HachetteBookGroup.com

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Find this review on Sonderbooks at: www.sonderbooks.com/Fiction/you_should_have_known.html

Disclosure: I am an Amazon Affiliate, and will earn a small percentage if you order a book on Amazon after clicking through from my site.

Source: This review is based on a library book from Fairfax County Public Library.

Disclaimer: I am a professional librarian, but I maintain my website and blogs on my own time. The views expressed are solely my own, and in no way represent the official views of my employer or of any committee or group of which I am part.

Please use the comments if you’ve read the book and want to discuss spoilers!

Review of Verily, a New Hope, by Ian Doescher

Saturday, September 6th, 2014

verily_a_new_hope_largeWilliam Shakespeare’s Star Wars

Verily, a New Hope

By Ian Doescher

Quirk Books, Philadelphia, 2013. 174 pages.
Starred Review
2013 Cybils Finalist

I’m going to list this on the Teens page – but this is truly a book that spans all ages. I brought it to a party of adults playing Eurogames, and they were all delighted and spontaneously read bits aloud. One of them was a homeschooler, and we agreed that it would be perfect for a group of middle school students getting ready to tackle Shakespeare.

What is it? The complete story of the first Star Wars movie, told in iambic pentameter, as Shakespeare would surely have written it, had he ever heard of space ships. This isn’t a straight translation. The author also used Shakespearean devices such as a Chorus to describe action and multiple uses of soliloquies to tell what the characters are thinking and planning.

This book truly begs to be read aloud or, better yet, performed. And, since everyone knows the story of Star Wars so well, any Shakespearean language the reader doesn’t understand will be readily made clear.

Here’s the scene where Luke has just met Obi Wan Kenobi:

CHORUS Now holdeth Luke the weapon in his hand,
And with a switch the flame explodes in blue.
The noble light Luke’s rev’rence doth command:
That instant was a Jedi born anew.

OBI-WAN [aside:] Now doth the Force begin to work in him.
[To Luke:] For many generations Jedi were
The guarantors of justice, peace, and good
Within the Old Republic. Ere the dark
Times came and ere the Empire ‘gan to reign.

LUKE How hath my father died?

OBI-WAN [aside:] –O question apt!
The story whole I’ll not reveal to him,
Yet may he one day understand my drift:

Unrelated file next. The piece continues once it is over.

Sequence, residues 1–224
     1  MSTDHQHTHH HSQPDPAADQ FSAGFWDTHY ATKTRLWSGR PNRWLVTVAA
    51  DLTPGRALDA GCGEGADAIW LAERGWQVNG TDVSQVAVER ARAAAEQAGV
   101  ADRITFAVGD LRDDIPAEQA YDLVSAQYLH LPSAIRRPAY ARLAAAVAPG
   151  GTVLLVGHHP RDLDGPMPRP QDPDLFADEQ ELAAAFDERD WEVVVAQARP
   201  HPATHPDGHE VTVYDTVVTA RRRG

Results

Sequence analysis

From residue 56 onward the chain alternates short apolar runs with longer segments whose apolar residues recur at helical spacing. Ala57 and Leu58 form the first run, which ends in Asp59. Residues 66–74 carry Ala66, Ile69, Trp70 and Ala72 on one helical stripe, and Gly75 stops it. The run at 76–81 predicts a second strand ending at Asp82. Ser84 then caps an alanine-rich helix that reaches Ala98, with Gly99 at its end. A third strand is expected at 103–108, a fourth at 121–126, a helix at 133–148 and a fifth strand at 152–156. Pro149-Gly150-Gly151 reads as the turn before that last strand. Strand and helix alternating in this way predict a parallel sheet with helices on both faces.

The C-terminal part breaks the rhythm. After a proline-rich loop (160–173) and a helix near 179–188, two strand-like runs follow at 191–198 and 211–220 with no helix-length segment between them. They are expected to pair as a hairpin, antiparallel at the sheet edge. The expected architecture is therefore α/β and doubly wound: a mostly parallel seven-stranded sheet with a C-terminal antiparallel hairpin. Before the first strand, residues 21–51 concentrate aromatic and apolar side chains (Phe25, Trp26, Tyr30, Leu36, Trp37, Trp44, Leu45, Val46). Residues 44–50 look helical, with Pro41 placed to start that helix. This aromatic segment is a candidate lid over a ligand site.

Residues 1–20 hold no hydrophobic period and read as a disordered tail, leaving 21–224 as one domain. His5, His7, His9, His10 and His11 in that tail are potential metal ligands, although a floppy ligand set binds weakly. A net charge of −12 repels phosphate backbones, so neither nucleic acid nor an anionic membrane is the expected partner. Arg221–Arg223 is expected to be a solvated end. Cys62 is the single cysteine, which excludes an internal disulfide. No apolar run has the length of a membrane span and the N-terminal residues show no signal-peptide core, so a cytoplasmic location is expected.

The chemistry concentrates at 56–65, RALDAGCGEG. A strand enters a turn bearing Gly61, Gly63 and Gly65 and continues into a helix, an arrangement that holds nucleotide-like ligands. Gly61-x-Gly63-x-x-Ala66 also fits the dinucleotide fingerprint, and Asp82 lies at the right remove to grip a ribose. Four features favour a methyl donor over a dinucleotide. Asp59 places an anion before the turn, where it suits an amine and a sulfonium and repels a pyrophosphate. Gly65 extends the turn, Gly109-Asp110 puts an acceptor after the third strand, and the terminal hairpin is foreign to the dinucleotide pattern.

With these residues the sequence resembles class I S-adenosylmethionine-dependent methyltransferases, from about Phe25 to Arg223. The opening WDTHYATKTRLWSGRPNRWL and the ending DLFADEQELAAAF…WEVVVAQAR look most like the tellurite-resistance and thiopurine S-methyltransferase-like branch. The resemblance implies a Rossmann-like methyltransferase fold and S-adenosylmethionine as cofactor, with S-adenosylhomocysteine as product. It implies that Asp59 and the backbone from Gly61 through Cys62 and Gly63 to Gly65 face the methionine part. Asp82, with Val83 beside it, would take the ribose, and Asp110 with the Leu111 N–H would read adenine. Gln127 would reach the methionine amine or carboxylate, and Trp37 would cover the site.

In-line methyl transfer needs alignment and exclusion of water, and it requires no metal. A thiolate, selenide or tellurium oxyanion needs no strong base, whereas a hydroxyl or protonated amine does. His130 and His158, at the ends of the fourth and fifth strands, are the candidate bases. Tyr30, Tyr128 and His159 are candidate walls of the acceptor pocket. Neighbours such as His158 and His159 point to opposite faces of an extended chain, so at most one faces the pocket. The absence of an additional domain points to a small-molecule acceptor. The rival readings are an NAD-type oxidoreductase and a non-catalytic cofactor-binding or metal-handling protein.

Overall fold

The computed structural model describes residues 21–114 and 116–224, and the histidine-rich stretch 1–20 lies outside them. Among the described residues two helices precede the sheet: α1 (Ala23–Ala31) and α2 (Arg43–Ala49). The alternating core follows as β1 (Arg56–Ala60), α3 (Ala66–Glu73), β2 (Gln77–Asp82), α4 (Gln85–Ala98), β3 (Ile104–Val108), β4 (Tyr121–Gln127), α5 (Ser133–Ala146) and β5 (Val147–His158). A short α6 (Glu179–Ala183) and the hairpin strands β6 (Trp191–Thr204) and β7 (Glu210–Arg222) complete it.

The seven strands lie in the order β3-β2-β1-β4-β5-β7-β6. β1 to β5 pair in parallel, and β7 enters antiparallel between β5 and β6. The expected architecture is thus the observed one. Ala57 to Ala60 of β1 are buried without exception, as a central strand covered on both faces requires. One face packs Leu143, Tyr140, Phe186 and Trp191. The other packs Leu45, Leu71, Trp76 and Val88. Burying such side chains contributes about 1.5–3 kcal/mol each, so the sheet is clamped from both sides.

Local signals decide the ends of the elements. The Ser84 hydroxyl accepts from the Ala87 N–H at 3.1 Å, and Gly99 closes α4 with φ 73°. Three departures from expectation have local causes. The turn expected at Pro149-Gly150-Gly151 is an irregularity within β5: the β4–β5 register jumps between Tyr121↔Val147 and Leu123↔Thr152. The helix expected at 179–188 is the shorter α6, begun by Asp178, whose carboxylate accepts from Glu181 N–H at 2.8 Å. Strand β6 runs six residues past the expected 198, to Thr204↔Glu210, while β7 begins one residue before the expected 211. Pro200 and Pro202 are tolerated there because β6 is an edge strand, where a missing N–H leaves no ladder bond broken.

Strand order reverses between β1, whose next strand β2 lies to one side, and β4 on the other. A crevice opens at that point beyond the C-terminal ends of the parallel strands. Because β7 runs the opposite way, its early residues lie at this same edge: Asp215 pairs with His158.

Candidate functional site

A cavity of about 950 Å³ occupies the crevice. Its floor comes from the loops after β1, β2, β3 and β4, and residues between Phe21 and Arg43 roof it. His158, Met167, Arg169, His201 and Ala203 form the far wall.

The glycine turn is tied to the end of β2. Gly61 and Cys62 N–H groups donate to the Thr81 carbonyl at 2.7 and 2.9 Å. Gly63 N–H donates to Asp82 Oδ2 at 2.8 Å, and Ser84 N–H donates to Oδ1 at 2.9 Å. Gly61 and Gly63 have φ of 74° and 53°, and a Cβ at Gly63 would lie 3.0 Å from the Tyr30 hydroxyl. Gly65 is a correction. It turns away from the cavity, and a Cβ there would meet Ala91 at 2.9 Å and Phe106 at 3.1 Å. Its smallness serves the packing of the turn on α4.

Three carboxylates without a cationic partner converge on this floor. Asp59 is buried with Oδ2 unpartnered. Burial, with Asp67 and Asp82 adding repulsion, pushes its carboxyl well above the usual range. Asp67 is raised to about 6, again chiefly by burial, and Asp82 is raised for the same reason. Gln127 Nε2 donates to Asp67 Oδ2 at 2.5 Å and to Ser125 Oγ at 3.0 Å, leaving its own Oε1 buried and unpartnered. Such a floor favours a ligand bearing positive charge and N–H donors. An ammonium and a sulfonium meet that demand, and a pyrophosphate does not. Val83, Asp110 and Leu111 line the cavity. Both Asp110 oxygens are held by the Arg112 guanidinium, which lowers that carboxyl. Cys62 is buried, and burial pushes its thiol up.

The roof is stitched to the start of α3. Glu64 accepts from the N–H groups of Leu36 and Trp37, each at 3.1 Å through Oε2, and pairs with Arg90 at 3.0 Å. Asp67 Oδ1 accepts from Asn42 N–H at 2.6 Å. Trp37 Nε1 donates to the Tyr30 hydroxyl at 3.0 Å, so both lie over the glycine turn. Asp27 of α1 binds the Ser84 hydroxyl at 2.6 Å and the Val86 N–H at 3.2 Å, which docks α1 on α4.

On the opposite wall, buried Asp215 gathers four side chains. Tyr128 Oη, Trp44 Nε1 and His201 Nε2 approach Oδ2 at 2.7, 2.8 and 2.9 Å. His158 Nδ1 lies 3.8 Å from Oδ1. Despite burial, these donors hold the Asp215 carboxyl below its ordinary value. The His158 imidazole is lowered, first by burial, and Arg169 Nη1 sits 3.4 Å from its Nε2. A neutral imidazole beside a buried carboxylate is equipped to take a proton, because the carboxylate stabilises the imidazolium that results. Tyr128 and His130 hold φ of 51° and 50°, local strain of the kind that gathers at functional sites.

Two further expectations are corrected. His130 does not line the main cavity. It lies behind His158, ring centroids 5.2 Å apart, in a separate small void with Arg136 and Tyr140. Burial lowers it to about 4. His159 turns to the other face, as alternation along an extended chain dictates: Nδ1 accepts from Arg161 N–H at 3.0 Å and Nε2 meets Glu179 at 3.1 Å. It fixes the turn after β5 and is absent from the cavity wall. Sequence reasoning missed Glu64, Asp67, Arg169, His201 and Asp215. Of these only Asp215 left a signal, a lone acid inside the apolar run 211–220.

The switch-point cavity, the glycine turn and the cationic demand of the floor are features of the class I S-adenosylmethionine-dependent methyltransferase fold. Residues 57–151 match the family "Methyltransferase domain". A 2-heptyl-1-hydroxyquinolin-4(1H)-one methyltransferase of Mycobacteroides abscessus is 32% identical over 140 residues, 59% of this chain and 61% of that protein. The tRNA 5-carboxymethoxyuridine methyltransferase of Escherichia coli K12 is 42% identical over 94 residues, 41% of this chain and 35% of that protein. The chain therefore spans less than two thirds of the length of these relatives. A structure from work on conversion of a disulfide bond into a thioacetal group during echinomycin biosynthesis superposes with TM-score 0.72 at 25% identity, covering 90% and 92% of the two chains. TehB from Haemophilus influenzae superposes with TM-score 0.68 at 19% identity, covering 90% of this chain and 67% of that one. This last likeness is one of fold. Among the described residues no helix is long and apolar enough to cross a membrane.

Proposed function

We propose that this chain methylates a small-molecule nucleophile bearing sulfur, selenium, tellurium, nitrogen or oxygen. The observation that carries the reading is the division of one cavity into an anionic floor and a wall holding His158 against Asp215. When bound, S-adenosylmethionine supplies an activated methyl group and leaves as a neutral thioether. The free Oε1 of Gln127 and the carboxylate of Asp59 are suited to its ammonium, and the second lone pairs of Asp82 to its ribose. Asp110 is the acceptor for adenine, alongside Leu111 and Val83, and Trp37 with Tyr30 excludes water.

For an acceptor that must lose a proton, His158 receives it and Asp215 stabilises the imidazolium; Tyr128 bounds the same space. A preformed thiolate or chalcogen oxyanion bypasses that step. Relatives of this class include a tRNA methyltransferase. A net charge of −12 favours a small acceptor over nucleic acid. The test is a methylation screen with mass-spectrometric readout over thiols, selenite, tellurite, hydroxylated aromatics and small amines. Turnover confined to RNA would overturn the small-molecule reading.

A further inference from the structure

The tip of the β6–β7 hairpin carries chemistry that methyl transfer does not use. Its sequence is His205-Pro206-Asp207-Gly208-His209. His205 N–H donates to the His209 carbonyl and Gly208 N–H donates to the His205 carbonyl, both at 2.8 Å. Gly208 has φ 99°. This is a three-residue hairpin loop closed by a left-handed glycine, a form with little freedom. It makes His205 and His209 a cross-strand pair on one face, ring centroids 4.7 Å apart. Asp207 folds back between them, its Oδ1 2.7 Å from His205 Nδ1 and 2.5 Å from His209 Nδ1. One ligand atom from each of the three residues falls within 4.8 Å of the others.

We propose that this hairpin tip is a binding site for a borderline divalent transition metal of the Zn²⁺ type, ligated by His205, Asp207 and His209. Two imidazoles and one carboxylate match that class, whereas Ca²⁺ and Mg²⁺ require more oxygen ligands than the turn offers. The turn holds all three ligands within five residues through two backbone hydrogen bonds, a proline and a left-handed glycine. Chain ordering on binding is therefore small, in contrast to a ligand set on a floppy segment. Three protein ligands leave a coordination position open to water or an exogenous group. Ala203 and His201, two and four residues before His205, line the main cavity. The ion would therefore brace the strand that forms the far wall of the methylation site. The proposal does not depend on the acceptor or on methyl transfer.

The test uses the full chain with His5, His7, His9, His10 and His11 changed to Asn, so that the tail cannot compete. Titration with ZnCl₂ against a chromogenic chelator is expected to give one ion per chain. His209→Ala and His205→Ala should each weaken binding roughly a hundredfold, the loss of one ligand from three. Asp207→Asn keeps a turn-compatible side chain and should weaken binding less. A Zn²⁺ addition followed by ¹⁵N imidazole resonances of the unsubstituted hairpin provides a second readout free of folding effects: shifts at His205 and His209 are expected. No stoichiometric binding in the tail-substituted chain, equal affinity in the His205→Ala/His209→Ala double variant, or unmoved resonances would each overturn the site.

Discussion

That from a certain point of view it may
Be said my answer is the honest truth.
[To Luke:] A Jedi nam’d Darth Vader – aye, a lad
Whom I had taught until he evil turn’d –
Did help the Empire hunt and then destroy
The Jedi. [Aside:] Now, the hardest words of all
I’ll utter here unto this innocent,
With hope that one day he shall comprehend.
[To Luke:] He hath thy Father murder’d and betray’d,
And now are Jedi nearly all extinct.
Young Vader was seduc’d and taken by
The dark side of the Force.

Ian Doescher includes a note at the end of the book as to why Shakespeare and Star Wars make a natural pairing. I’m happy to report that the trilogy continues in The Empire Striketh Back.

quirkbooks.com/shakespearestarwars
IanDoescher.com
starwars.com

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Find this review on Sonderbooks at: www.sonderbooks.com/Teens/verily_a_new_hope.html

Disclosure: I am an Amazon Affiliate, and will earn a small percentage if you order a book on Amazon after clicking through from my site.

Source: This review is based on a library book from Fairfax County Public Library.

Disclaimer: I am a professional librarian, but I maintain my website and blogs on my own time. The views expressed are solely my own, and in no way represent the official views of my employer or of any committee or group of which I am part.

Review of The Winter Horses, by Philip Kerr

Thursday, September 4th, 2014

The Winter Horseswinter_horses_large

By Philip Kerr

Alfred A. Knopf, New York, 2014. 278 pages.
Starred Review

Here’s a World War II tale unlike any other I’ve read. I loved it from the start. This book will appeal to animal lovers as well as readers who like to see an underdog succeed against all odds. I liked the way the people the characters met were good or bad depending on their own values, not on which side of the conflict or what nationality they were.

Here’s what the author has to say about the truth of the tale, before it gets underway: